Putting solar cells onto a car and/or using portable solar units to charge an EV is apparently a flash hot button issue for many electric vehicle advocates, some (many?) of whom patronizingly, in my view, immediately dismiss such efforts as “useless.”
My view is different: Why NOT use the surface areas you can to generate electricity, even if it is NOT going to power the EV for all of its miles, maybe only 10%?
My retort to the naysayers, many of whom are allegedly FOR more solar: How is it not MORE “useless” to let EVs sit in the sun, sometimes for very long periods of time — on camping trips, in airport parking lots, etc. — and not tap that sun energy potential?
If you DO tap that limited potential by putting solar cells on an EV and/or using portable fold-up solar cells to charge the car in, especially, long-parked, ideal sun conditions, how does that not add up to MORE THAN “useless,” especially if you are talking about 100s of thousands or even millions of vehicles?
Basically, what is “useless” — and according to whose (patronizing) definition of “useless”?!
In fact, multiple car makers agree with me: Adding solar cells to EV rooftops and frames does make sense.
Some examples (and there are more!) ==>
Aptera Motors Aptera claims its three-wheeled Aptera vehicle “is the first ‘never charge’ electric vehicle. Its solar system can produce more power per year than most drivers will ever need for the road.” Aptera also claims that the vehicle will be able to travel up to 250 miles without needing a charge.
Fisker Motors Fisker claims its Ocean SUV with solar cells integrated into its roof will be able to generate up to 1,000 miles of extra driving per year via those solar cells. Fisker boasts as well that the vehicle integrates many different recycled and environmentally friendly(ier) materials into its production.
Humble claims that solar cells integrated into its forthcoming Humble One will produce enough electricity to produce up to 60 miles of all-electric range per day. According to Slashgear.Com, the Humble One comes standard with over 80 square feet of photovoltaic solar roof panels to capture sunlight and transform it into usable energy.
Lightyear One Lightyear claims solar on its Lightyear One vehicle will add up to 50–65 km (30–40 miles) of range per day during summer. According to Lightyear, “With its five square meters of solar panels you can drive for months without charging. Comprising solar cells encased in safety glass, the sturdy solar roof and hood live up to rigorous auto industry regulation.”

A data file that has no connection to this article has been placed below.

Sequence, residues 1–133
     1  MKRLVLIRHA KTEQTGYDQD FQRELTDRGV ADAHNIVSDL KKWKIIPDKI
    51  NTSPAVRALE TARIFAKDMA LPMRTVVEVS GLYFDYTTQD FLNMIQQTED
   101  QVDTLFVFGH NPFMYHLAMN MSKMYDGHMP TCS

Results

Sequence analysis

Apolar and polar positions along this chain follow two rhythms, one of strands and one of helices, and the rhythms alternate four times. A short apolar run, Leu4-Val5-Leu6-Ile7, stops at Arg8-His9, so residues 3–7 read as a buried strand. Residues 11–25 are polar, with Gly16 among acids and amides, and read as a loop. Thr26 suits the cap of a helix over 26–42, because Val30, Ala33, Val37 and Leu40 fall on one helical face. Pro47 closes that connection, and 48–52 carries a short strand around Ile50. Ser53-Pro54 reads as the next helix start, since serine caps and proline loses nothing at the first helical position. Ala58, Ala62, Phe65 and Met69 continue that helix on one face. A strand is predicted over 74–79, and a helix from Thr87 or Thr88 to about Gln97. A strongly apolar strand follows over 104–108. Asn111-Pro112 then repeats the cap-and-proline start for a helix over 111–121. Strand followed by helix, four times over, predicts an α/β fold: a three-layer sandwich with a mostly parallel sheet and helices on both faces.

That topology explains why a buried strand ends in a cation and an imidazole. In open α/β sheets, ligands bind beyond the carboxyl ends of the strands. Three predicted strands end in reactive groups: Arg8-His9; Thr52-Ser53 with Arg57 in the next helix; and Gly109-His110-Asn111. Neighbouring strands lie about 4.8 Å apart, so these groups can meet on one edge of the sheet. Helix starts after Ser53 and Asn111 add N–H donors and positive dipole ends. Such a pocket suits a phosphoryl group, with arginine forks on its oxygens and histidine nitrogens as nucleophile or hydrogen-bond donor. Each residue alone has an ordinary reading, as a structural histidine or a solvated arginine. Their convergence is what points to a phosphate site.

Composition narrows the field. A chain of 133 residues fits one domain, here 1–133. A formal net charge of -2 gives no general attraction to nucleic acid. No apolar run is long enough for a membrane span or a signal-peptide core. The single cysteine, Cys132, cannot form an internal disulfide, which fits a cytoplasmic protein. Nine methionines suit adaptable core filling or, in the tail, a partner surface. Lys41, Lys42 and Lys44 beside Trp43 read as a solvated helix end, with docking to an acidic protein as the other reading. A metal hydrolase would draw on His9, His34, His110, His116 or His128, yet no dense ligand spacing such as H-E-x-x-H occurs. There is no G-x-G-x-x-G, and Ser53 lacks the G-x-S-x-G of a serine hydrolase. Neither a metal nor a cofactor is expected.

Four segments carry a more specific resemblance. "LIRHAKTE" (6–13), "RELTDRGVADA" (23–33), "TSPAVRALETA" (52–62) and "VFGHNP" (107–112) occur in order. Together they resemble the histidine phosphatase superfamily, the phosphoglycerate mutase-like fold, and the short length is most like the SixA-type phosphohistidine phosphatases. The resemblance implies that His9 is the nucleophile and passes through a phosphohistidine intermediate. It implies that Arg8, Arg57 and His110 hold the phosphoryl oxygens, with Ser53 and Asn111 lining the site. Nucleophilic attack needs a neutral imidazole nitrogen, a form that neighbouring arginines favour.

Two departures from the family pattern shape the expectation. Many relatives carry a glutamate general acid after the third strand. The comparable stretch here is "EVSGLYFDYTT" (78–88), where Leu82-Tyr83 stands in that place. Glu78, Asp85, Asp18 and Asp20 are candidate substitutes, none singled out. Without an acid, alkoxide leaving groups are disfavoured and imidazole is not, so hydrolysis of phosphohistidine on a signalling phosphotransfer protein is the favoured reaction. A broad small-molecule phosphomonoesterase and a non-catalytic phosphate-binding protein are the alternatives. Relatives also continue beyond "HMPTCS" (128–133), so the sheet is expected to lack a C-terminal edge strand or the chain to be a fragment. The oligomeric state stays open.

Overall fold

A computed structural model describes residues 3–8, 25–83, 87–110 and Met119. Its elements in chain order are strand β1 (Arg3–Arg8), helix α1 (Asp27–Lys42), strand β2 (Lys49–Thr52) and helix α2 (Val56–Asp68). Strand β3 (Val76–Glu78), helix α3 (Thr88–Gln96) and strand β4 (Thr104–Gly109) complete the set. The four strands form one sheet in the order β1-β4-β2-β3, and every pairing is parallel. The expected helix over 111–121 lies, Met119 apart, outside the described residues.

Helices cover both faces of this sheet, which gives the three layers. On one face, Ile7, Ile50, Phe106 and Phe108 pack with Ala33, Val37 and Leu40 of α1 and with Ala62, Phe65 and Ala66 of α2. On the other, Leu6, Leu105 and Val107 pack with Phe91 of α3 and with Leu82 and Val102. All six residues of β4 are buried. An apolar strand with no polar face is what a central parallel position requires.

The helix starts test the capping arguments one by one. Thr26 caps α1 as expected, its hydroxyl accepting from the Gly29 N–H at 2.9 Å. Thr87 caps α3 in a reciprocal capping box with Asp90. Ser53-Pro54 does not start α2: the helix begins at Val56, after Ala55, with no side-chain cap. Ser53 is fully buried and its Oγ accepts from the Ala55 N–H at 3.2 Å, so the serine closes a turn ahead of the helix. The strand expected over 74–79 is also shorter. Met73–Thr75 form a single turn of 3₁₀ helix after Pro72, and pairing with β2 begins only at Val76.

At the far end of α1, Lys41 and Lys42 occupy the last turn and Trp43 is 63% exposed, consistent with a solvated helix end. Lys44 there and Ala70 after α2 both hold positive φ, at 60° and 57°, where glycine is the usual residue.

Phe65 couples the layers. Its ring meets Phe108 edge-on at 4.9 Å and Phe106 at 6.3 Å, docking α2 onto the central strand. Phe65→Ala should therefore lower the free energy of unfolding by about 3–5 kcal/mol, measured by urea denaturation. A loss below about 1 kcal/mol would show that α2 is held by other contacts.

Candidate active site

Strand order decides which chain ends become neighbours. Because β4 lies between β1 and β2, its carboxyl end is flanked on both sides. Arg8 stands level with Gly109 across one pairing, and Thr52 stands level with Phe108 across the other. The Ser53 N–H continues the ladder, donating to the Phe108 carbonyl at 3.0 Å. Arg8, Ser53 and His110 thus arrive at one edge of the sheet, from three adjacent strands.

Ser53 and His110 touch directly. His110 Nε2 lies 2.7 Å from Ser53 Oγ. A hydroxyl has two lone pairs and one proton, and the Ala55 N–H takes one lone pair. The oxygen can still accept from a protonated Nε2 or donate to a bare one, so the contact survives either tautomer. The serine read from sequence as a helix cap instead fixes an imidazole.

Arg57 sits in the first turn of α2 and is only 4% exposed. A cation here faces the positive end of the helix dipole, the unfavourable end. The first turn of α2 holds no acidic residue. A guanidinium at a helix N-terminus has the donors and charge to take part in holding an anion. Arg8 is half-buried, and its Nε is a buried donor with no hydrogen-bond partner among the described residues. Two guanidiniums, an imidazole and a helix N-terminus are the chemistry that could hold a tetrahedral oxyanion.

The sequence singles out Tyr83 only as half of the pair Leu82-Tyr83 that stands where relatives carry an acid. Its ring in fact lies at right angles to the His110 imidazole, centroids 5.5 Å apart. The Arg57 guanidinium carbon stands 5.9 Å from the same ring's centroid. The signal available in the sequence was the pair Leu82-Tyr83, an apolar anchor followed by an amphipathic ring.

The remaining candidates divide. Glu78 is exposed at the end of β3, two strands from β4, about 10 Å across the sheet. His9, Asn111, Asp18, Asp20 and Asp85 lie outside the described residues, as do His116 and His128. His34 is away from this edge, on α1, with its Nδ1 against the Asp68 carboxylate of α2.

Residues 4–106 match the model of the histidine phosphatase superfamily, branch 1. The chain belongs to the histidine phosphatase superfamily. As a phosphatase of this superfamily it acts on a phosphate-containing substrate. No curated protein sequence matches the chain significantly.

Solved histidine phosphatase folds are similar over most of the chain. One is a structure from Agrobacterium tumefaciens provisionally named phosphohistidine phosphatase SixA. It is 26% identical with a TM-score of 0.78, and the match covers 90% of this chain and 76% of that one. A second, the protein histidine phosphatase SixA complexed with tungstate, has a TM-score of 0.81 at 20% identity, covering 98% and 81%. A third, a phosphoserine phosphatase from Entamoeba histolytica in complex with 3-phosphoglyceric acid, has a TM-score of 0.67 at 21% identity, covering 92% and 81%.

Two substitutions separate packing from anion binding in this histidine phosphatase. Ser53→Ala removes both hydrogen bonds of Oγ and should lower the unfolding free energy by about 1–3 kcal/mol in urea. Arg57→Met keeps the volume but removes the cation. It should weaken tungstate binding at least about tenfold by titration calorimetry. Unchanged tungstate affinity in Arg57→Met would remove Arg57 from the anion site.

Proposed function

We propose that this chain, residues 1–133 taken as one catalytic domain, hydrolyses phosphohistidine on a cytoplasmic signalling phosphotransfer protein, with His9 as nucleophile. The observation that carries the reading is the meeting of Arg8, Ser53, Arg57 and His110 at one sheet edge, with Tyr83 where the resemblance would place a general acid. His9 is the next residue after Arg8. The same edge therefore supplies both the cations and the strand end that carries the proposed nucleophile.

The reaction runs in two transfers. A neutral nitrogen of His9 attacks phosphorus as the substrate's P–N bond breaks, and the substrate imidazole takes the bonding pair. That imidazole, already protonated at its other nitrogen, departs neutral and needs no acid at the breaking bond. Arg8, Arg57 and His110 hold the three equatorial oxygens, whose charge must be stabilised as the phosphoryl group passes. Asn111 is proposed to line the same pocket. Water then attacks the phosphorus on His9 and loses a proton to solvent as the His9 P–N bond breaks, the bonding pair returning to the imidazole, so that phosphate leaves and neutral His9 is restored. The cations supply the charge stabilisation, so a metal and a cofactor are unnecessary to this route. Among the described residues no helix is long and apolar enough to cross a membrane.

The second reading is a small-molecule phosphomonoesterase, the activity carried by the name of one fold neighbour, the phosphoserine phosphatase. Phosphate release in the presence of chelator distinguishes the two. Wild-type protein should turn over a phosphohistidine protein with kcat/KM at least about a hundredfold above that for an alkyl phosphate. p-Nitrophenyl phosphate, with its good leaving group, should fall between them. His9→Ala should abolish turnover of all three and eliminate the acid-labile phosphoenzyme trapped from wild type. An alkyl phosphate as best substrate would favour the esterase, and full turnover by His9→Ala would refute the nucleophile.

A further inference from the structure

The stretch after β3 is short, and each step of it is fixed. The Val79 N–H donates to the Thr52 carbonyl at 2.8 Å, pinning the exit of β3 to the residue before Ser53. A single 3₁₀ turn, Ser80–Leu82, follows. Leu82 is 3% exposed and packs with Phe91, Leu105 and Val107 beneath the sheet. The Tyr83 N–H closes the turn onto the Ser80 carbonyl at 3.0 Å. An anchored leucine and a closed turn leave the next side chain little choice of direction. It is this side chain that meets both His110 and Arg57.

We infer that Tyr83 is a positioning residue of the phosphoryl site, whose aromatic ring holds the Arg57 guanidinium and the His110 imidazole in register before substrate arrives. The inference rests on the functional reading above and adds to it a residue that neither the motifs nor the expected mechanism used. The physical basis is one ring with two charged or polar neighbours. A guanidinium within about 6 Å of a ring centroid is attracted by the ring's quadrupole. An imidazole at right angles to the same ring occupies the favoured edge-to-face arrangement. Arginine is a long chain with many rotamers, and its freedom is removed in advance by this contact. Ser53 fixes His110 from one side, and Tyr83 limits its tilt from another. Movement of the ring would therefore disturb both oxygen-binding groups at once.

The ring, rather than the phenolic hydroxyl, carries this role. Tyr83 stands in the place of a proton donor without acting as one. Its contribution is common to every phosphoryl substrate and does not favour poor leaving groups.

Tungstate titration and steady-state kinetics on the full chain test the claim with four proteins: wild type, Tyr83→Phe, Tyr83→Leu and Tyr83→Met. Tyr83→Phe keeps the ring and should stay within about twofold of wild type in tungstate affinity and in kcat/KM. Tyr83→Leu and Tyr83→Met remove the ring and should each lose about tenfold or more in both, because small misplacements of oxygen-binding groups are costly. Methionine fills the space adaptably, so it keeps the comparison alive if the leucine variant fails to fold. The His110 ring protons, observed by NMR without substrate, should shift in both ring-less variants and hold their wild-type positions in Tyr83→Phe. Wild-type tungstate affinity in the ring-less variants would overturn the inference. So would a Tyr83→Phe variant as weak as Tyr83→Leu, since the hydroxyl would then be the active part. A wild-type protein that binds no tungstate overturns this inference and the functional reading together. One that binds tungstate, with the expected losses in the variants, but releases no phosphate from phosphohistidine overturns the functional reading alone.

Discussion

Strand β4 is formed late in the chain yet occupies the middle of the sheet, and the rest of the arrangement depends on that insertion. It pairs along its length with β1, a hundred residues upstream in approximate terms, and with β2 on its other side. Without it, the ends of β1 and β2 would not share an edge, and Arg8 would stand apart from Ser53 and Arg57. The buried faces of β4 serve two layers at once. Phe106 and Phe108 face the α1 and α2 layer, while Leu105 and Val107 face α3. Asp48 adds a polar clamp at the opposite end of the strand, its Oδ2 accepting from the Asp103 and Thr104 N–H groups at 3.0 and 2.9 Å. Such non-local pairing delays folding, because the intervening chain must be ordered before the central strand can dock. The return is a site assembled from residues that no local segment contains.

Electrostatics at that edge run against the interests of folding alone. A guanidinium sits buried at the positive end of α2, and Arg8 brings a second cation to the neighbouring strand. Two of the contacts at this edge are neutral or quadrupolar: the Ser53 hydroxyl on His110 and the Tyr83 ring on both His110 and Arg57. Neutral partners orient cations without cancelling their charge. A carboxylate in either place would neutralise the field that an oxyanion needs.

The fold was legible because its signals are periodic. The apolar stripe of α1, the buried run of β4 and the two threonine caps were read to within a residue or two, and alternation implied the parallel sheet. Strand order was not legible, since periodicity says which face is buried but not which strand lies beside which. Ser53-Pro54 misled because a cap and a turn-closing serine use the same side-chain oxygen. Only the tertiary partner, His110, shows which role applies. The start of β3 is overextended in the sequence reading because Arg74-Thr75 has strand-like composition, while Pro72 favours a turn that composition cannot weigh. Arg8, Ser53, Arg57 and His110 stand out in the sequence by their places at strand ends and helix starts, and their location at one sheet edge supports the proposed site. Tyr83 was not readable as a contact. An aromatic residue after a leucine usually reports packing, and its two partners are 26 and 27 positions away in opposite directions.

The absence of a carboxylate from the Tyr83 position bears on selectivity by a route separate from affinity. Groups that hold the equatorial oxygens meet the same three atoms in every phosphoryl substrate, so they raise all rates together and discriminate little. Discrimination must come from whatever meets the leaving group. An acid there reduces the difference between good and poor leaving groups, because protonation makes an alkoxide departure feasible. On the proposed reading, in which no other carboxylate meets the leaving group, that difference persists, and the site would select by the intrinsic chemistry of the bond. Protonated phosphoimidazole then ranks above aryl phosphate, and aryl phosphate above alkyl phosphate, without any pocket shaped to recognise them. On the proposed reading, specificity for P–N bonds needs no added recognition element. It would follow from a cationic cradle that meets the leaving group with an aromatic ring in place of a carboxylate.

Sono Motors Thanks to more than 248 solar cells seamlessly integrated into the body of its solar car, Sono Motors claims that its Sion can add up to 245 km (112 km on average) of driving range per week through solar energy to the car’s battery. The Sion’s liquid cooled battery has a capacity of 35 kWh, which which provides a range of up to 255 km – depending on the weather and driving style.
Various portable solar charging units
Many consumers have built their own portable EV solar charging units with perhaps the most intriguing of these making use of softer material solar cells/units that are much more practical than traditional solar panels because you can easily fold them up and store them.
Doing the TOTAL math: Things DO add up!
Further challenging and problematizing the claim that any attempts to build solar cells into full production sized vehicles are “useless” and the claim that any sorts of smaller portable units used to partially charge an electric car are also allegedly “useless,” let’s do some COLLECTIVE math:
1,000 EVs with ZERO integrated solar cells and/or portable solar-charging units = 0 miles worth of driving generated in one hour, 0 in one day, 0 in one week, 0 in one month, 0 in one year.
1,000 EVs with limited integrated solar cells and/or portable solar-charging units, say cells that might generate 10 miles worth of driving per day on peak sun days, considerably less than what some of the vehicle makers above claim can be produced, could = 2.5 miles/vehicle/hour, 10 miles/vehicle/day, 70 miles/vehicle/week, 280 miles/vehicle/month, 3,640 miles/vehicle/year, which COULD EQUAL, 3.64 million miles worth of driving each year!
Compare 0 miles generated with 3.64 million — is that “useless” generation of solar electricity?
What do you think: Is adding solar cells to EV surfaces “useless”? Are portable solar charging units also “useless”?
What is your definition of “useless” — and what are your criteria for “useless”?
Finally, why do you get to decide what “useless” is, or is not? 😜